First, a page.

The top performers in the hedge fund universe over the last three years have been small or very small (micro) based on 13F AUM. Only Whale Rock Capital, a mid-sized fund with $2.94 billion in AUM, cracked the top ten.
So why do small hedge funds outperform large hedge funds? Here are a few possible explanations:
If you’re a fund manager buying $500K of a moderately liquid stock, you can probably do it easily — without pushing the stock higher. Likewise, when you go to sell, you can likely avoid price “slippage” as you liquidate. As a smaller fund with smaller positions, buying and selling probably has minimal impact on performance.
However, buying $100 million of the same stock is more problematic. Market makers may see your buying and “front run” you, pushing prices higher before you complete the position. On the way out, you can’t just dump all your shares on the market – the stock’s price would plunge. You have to sell the position over days. If you’re not careful, entry and exit inefficiencies can be a major drag on performance.
So as successful hedge funds attract ever more capital, they are forced to gravitate toward large-cap, liquid stocks to efficiently invest their billions of AUM. And highly liquid stocks may not offer the same profit potential as those with less liquidity.
A manager of a small firm can do much of a fund’s research personally. But as any entrepreneur knows, as a firm grows, a point is reached where the founder can’t do everything herself. Crucial tasks must be delegated. This 2009 study showed that at hedge funds “the number of principals compounds the effects of size on hedge fund performance. Specifically, the alpha spread between small and large funds is almost twice as large for multi-principal funds as it is for single-principal funds.” Large funds must delegate responsibilities to other, possibly less talented analysts, negatively impacting performance.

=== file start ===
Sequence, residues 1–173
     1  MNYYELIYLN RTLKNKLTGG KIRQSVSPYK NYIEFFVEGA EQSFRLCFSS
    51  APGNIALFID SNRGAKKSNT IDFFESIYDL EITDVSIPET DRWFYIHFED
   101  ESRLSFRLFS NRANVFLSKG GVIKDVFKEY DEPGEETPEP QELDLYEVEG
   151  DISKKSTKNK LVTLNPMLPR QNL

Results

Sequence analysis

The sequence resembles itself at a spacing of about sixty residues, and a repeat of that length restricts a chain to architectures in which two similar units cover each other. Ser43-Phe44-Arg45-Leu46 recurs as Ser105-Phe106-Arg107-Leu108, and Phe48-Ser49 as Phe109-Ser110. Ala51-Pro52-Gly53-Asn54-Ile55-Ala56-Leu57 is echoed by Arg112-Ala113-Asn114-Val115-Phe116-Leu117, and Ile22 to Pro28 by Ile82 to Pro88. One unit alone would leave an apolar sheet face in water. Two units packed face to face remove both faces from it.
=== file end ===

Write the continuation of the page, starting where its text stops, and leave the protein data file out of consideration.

SKIN IN THE GAME
When hedge funds start out, most of the capital under management is usually that of the principal(s)/manager(s). If the portfolio does well, the principals do well, their clients do well, and the fund can raise more money. But as AUM gets larger, a greater percent of the principals’ compensation comes from the asset-based management fee. As AUM grows, so does the principals’ incentive to focus on raising more capital versus generating great performance.
Small fund managers tend to have more of their own money invested in the fund. As such they may be more focused on portfolio returns versus raising capital. This study suggests that investors are more likely to earn higher returns by investing in small hedge funds whose managers have more “skin in the game.”
SMALL CAP STOCKS
Small hedge funds tend to invest more in companies with smaller capitalizations. While this may result in greater volatility of returns, on balance small cap stocks tend to outperform large caps. This so called “Small Firm Anomaly” may help explain small hedge fund outperformance.
WHY DO SMALL STOCKS OUTPERFORM?
Small public companies often have little or no analyst coverage, and so may have unknown potential. Smaller companies have greater growth potential than large companies: A tiny public company can triple its revenues with one contract — that’s not going to happen to Apple Computer. Likewise, when small firms fix problems, the resulting improvement in profits can drive big price gains. Small cap stocks also tend to have lower stock prices, resulting in greater price appreciation compared to big firms with higher prices.
For talented managers, the small-cap sector may offer greater opportunity to apply their skills at finding emerging and undervalued companies.
So, Jimmy Buffett isn’t writing hits like “Margaritaville” anymore; and Warren Buffett isn’t generating returns like Berkshire Hathaway had back in the day. They’re still good at what they do and have more fans than ever.
But if you’re looking for stellar returns by following the leading hedge funds with the best ideas, you’ll likely make more money studying the moves of the small fund managers, the ones who aren’t famous. Yet.